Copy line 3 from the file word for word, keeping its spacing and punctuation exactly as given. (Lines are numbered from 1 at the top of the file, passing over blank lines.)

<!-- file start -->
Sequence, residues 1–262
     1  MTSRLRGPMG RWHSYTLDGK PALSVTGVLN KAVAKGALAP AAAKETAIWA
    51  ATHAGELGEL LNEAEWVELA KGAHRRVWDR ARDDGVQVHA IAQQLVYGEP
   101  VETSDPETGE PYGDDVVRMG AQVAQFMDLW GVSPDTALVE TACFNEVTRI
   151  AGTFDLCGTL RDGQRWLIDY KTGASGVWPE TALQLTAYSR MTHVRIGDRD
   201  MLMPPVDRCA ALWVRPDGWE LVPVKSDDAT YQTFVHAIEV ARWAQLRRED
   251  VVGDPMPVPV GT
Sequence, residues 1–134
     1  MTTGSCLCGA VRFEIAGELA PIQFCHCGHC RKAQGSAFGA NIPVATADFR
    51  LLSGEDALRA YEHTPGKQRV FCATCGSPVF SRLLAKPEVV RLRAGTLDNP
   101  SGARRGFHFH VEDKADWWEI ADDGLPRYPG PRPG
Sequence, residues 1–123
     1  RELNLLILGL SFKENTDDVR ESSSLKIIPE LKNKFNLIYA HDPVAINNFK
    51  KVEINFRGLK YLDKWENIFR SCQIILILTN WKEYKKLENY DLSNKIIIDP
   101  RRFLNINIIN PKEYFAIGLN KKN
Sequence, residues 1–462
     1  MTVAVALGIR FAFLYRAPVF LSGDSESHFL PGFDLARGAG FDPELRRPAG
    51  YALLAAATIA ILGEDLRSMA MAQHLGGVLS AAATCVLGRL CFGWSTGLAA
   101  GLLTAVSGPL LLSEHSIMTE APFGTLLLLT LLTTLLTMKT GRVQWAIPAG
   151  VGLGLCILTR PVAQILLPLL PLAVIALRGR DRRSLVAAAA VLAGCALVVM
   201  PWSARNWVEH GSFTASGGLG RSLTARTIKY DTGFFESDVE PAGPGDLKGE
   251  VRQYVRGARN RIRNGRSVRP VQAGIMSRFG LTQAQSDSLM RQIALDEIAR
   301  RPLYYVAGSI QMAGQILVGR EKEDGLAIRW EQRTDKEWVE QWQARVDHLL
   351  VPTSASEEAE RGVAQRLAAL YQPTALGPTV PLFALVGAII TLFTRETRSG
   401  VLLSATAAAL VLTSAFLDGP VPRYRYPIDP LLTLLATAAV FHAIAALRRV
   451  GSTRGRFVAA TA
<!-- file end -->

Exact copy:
    51  ATHAGELGEL LNEAEWVELA KGAHRRVWDR ARDDGVQVHA IAQQLVYGEP